7. Eric B

    Eric B
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    Don't forget music and worship styles. Although that could really be classified apart of "separation". Also for that matter, who to "separate from" (Catholics, charismatics, even).
     
  8. Matt Black

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    And, talking of Catholics, a couple more:-

    10. UK evangelicals are more ecumenically-minded it seems, and most would quite happily go to a joint event involving Catholics.

    11. The conflation of 'God, guns and gays' just wouldn't happen here. Guns are a non-issue here, since 1988 when, following the horrific massacre of 17 people by Kalshnikov-toting Michael Ryan in Hungerford (up until then 8000 automatic weapons were legally held in the UK), automatic and semi-automatic weapons were banned (this was extended in 1995 to most hand-guns too). Gay rights are non-party political and most evangelicals here would see evangelism and persuasion as more effective than legislation , except where gay rights impinges on eg: church employment policies, then we get quite vocal!

    Yours in Christ

    Matt
     
  9. Matt Black

    Matt Black
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    See the EA's SoF to which I have already linked. That does not make reference to inerrancy precisely to give that kind of latitude to which you are referring. But I don't think that that is having one's cake and eating it. It's perfectly possible to believe in salvation by faith in Jesus and grace alone without even having a high view of Scripture; the EA at least does demand sucha high view but that does not necessarily have to amount to inerrancy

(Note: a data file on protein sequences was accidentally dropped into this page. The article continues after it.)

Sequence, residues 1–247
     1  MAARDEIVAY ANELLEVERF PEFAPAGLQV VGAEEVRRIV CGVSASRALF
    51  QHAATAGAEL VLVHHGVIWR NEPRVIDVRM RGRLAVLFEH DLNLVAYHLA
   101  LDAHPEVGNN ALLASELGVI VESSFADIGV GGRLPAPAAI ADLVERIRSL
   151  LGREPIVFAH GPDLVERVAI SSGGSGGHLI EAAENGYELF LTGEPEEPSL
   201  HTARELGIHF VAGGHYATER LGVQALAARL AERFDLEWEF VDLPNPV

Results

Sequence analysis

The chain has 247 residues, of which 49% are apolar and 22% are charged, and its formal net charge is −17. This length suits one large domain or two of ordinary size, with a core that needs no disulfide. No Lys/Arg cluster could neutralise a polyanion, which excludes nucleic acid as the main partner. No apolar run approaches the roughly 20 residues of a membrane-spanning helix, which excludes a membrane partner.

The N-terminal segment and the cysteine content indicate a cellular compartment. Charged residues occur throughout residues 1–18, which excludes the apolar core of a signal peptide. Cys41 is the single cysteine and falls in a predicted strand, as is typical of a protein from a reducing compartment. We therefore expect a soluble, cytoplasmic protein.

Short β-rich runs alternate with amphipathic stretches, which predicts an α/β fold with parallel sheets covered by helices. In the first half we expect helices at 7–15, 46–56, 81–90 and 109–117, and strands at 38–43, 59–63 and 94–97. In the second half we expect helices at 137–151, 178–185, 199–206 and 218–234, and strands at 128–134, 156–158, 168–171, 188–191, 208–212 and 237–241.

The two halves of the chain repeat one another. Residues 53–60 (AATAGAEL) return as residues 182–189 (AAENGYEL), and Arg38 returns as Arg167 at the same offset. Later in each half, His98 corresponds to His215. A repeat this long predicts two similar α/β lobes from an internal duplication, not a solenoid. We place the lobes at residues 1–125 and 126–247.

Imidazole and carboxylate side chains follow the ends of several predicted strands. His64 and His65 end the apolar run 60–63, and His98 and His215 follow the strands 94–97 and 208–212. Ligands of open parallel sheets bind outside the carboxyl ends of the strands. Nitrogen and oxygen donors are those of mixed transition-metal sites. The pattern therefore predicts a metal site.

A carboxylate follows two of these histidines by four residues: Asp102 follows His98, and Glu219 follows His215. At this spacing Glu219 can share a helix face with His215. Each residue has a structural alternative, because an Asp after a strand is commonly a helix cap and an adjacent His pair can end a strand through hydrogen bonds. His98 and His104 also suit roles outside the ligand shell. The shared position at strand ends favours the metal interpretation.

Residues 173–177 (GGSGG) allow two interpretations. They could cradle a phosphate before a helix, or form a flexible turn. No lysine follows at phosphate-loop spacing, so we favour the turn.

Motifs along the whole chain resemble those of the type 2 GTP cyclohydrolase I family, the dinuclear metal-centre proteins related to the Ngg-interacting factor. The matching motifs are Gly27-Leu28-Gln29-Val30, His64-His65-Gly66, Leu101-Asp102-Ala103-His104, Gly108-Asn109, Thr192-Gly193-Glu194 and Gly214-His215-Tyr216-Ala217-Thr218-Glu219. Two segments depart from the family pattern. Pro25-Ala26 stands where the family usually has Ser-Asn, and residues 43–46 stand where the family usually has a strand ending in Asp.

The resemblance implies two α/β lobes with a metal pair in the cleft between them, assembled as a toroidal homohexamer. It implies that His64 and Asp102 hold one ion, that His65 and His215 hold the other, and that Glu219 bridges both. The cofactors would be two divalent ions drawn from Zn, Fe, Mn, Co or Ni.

Yours in Christ

    Matt
     
  10. The Undiscovered Country

    The Undiscovered Country
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    But in a way that seems to reinforce what I was trying to say. To my mind, salvation by faith and grace alone are minimum requirement for being a Christian, not minimum standards for being an evangelical. Yet some basically seem to believe in the above and not believe in the inerrancy/accuracy of scripture (even allowing for a broad definition of inerrancy/accuracy) but still describe themselves as an evangelical. Its that position I have difficulty understanding.
     
  11. Matt Black

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    I suppose I was referring to 'evangelical' as opposed to 'liberal' or Catholic. Evangelicals would tend to emphasise (ever since Luther) salvation by grace through faith alone; neither your liberal or Catholic Christian (and there are many in both categories despite what some of us would like to believe) would normally believe this, Catholics because they would add an economy of works to salvation as means of communicating grace, with particular reference to sacramental soteriology, and liberals would say that there is more than one way to skin a cat.

    I think the misunderstanding creeps in when you try to define what inerrancy means. A lot of evangelicals who shy away from that term, including myself to an extent, have seen inerrancy all to often couched in terms of "the Bible is literally true and is to be interpreted thus; therefore you must believe in 6-day creation, the Flood, that there were literal people called Job and Jonah to be a Proper Christian (TM)". Now, fundamentalists may believe that, but most UK evangelicals are not fundamentalists...

    Yours in Christ

    Matt
     
  12. Link

    Link
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    I read a statistic on another page that a huge percentage of churches with outreaches to the poor in the US were Pentecostal (perhaps a majority.) It was posted on one of the other forums. The idea that liberals are more involved in feeding the poor, etc. in the US seems to be a myth. Political liberals want to use taxes to feed the poor.